On January 24, 1909, the 15-year-old employee of the Kling tobacco warehouse,[12] described as unusually pretty for her age, left the home of her merchant stepfather Robert Geppert in North Dayton. She was carrying a Dayton Savings and Trust Company's deposit book with $9 in it, for placing it in the bank. Her movements after leaving the house remain mysterious, but after she failed to return, her parents became alarmed. Geppert got himself a lantern and organized a search party with neighbors Arthur Hyre and John Merkle, without notifying authorities till midnight. Lt. Haley dispatched officers to aid in the search, but before they arrived, Robert Geppert noticed some disturbed soil which led to a trail. It ended in the estate of Grafton C. Kennedy, where, with the aid of his lantern, Geppert found Mary's lifeless body. The coroner concluded that she had been sexually assaulted and then strangled to death.[13]

Two people claimed to have seen the assailant: Sam Morris, and Mrs. John Scheff. Morris said that he had heard cries at about 6:30 o'clock and looked outside, observing a man sitting on a fence and glancing at a dark spot in the fields. He tried to approach the mysterious stranger, who threatened to shoot him. Going back to retrieve his shotgun and fire off a warning shot into the air, by the time Morris returned, the man had vanished. Mrs. Scheff claimed that she had just gotten off a train car near the same spot, when a man appeared out of the darkness. She began running towards her home, with him following suit, but the man ceased after she entered her home.[12] In the meantime, another woman, Mrs. Powers, was attacked, but thankfully saved by her husband James. The perpetrator escaped, but left his victim with nearly all clothes torn and her throat bruised.[14]

The coroner, upon performing the autopsy, established that the killer had abnormally large hands, as his finger imprints extended far around the victim's neck.[14] Four days later, a Pennsylvania railroad detective reported that a man matching the description was observed getting off a Dayton train car at Springfield. The suspect was a black man, with a roughly bandaged hand, scratched face and wore corduroy trousers, the same type of clothing that the supposed killer had worn. The suspicious man was never located.[15]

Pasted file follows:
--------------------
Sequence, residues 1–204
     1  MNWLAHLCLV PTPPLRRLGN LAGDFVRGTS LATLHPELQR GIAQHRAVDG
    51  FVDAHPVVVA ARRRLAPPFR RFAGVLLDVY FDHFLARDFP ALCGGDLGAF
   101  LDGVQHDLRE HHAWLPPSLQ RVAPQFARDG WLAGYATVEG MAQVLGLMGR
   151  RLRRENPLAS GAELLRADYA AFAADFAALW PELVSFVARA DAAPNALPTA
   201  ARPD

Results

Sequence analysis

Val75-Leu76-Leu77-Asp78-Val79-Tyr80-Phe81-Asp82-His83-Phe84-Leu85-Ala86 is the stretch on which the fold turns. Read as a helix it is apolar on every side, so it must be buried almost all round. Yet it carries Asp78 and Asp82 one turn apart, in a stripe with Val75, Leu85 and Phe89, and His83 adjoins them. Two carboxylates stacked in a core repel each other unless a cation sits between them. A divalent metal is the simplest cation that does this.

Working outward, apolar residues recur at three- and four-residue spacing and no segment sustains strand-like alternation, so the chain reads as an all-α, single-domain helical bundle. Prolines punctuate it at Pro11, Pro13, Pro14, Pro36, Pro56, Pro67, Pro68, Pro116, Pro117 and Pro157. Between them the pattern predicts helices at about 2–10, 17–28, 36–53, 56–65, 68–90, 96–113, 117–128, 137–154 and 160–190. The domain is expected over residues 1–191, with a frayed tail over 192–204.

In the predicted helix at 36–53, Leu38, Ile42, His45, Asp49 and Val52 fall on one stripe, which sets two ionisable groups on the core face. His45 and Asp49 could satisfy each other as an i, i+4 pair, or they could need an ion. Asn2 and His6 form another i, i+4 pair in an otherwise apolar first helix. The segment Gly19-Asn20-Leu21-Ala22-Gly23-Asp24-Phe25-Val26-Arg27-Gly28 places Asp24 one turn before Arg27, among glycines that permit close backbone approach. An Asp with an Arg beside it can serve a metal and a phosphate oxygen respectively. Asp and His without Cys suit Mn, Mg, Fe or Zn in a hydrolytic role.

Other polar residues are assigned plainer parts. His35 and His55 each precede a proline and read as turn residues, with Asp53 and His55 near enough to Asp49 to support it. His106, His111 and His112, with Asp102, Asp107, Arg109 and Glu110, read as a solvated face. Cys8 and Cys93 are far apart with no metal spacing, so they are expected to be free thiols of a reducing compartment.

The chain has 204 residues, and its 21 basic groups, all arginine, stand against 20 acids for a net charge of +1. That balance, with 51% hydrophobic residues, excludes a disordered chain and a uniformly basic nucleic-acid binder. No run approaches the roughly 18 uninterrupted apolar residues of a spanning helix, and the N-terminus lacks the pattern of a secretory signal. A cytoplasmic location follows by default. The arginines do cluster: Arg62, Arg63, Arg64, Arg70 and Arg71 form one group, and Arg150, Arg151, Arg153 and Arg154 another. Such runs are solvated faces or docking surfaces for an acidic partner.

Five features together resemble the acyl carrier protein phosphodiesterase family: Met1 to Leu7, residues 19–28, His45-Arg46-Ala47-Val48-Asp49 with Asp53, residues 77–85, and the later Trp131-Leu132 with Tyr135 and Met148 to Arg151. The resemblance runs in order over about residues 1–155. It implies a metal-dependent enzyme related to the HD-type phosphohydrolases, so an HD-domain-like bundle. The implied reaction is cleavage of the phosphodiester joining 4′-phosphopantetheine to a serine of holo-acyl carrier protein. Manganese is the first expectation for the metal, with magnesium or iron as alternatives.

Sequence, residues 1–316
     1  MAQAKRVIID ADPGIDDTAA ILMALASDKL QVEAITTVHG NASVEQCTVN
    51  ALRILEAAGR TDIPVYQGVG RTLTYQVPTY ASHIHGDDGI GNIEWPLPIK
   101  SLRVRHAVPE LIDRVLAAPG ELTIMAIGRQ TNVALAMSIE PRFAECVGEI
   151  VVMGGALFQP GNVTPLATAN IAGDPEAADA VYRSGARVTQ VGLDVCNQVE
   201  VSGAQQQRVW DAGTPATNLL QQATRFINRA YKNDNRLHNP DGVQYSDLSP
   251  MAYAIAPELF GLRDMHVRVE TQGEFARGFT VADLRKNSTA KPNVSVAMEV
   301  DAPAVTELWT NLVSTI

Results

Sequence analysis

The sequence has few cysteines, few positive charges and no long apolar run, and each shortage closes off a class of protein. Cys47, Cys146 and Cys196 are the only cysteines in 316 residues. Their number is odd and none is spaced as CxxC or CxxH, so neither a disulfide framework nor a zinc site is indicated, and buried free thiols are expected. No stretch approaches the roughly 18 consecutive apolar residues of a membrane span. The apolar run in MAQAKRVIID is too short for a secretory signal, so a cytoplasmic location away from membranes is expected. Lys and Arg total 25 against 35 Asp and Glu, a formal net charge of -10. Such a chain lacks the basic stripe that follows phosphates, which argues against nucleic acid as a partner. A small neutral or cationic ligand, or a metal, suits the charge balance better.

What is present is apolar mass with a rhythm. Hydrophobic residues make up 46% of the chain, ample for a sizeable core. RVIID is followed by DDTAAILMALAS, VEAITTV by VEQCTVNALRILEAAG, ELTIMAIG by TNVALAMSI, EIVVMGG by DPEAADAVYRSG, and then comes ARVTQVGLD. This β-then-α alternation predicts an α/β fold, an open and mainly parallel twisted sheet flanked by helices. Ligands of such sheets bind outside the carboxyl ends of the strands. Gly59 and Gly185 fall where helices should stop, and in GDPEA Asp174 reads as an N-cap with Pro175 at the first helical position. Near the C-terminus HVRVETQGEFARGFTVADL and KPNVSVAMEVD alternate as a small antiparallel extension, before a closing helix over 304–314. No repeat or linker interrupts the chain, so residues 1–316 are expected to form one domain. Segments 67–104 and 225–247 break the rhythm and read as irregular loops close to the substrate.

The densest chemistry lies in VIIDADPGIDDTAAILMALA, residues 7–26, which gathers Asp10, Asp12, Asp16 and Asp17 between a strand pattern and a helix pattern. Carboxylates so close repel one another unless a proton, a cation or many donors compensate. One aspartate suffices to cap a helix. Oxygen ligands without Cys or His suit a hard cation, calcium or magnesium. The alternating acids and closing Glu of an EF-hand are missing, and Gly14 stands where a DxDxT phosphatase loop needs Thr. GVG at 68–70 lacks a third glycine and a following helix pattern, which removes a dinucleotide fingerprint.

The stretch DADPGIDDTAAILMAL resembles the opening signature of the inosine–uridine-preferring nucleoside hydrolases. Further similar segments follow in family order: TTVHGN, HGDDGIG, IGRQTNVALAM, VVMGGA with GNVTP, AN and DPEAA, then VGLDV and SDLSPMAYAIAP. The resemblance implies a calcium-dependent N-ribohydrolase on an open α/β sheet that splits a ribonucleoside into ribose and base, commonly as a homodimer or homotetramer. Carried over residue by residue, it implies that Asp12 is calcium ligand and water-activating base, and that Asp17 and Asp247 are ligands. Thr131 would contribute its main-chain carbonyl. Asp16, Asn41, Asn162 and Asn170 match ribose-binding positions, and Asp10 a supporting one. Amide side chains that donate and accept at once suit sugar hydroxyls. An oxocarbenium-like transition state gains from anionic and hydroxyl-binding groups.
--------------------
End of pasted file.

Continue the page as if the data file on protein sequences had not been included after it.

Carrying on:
Elizabeth Fulhart edit

Photograph of Elizabeth Fulhart
Alternative image of Fulhart and her murder scene

On February 7, 1909, the 18-year-old Fulhart, from Vandalia, arrived in Dayton in search of employment. The day after, she mysteriously vanished. A week after she had disappeared, two workmen decided to open an old cistern, only to find her body, wrapped in a gunny sack, floating in the water. She was fished out from the manhole, and identified via her brother.[1] What was peculiar about the killing is that Fulhart appeared fully clothed, but was lacking her undergarments, suggesting that her killer had redressed her before dumping the body in the cistern.[16]

Initially, authorities experienced difficulty in determining the cause of death, due to the notable lack of choking fractures on the neck, unlike the previous victims. Several theories were advanced, including suicide, poisoning,[17] or that the bag was tied around her head and she was thrown while still alive. The murder shocked the denizens of Dayton, and church attendance among women dropped significantly. At night, almost no female was left unescorted. Following Fulhart's death, the killings ceased.[16]

Suspects edit

David Curtis edit

Known by the moniker of "Baby Dave", David was the 27-year-old adopted son of James Curtis, a painter who lived near the National Soldiers' Home. Described by associates as a half-wit, he did not live with his father, only going there once a week. According to James, ever since he was young, David had the habit of telling fantastical tales which he ascribed as his doing.[18] A former employee of the National Cash Register, he knew about Dona Gilman.[19]

The newsboy was arrested following a tip from a Cincinnati Post journalist, known only by the name of Myers,[20] and then immediately confessed to the crime. According to his story, Curtis had noticed Gilman, deciding to board on the same train and get off at her stop. Walking on the opposite sidewalk and following Dona, he eventually crossed over, grabbed her umbrella and strangled her with it, without uttering a cry. After killing her, he knelt down and cried over his deed, vowing to never do it again.[21] Despite the length of his confession, it was harshly doubted by many, as he had falsely confessed to another murder two years before and was subsequently exonerated.[19]